Binary colloidal nanoparticles have been found to form different types of crystalline phases at varied radial positions in a centrifugal field by Chen et al (ACS nano 2015, 9, 6944-50). The variety of binary phase behaviors resulted from the two different nanoparticle concentration gradients but to date the gradients can only be empirically controlled. For the first time, we are able to measure, fit and simulate binary hard sphere colloidal nanoparticle concentration gradients at high particle concentration up to 30 vol%, which enables tailor-made gradients in a centrifugal field. By this means, a continuous range of binary particle concentration ratios can be accessed in one single experiment to obtain an extended phase diagram. By dispersing two differently sized silica nanoparticles labeled with two different fluorescence dyes in a refractive index matching solvent, we can use a Multi-Wavelength Analytical Ultracentrifuge (MWL-AUC) to measure the individual concentration gradient for each particle size in sedimentation-diffusion equilibrium. The influence of the remaining slight turbidity at high concentration can be corrected using the MWL spectra from the AUC data. We also show that the experimental concentration gradients can be fitted using a non-interacting non-ideal sedimentation model. By using these fitted parameters, we are able to simulate nanoparticle concentration gradients, which agreed with the subsequent experiments at a high concentration of 10 vol% and thus allowed for the simulation of binary concentration gradients of hard sphere nanoparticles in preparative ultracentrifuges (PUC). Finally we demonstrated that by simulating the concentration gradients in PUC, a continuous and extended binary nanoparticle phase diagram can be obtained by simply studying the structure evolution along the centrifugal field for one single sample instead of a large number of experiments with discrete compositions in conventional studies.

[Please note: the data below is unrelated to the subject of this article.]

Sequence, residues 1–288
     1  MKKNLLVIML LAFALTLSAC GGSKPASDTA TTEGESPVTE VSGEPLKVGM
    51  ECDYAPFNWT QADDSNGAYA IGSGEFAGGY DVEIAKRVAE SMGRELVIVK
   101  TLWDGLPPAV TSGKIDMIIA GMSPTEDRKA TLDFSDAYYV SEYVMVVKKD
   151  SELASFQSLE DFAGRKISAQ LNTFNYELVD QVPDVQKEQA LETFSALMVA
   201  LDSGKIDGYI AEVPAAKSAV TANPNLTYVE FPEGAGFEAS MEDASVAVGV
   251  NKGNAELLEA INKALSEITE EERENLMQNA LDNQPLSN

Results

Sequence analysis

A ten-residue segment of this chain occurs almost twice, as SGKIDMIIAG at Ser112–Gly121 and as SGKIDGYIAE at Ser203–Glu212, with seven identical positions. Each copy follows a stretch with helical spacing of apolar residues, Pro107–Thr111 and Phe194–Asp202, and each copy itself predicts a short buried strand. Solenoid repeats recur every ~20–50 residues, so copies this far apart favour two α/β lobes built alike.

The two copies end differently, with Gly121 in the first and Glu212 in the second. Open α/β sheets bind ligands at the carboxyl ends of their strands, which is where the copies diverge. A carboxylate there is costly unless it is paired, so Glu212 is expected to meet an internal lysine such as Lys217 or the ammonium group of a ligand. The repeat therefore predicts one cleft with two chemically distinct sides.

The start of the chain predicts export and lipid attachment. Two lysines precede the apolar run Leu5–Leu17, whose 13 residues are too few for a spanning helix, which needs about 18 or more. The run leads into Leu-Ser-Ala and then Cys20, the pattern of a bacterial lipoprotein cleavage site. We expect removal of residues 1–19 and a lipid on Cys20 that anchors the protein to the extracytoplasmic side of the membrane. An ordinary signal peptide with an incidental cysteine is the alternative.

Sedimentation of C60 and C70 : Testing the Limits of Stokes' Law
2018-11-01, Pearson, Joseph, Nguyen, Tich Lam, Cölfen, Helmut, Mulvaney, Paul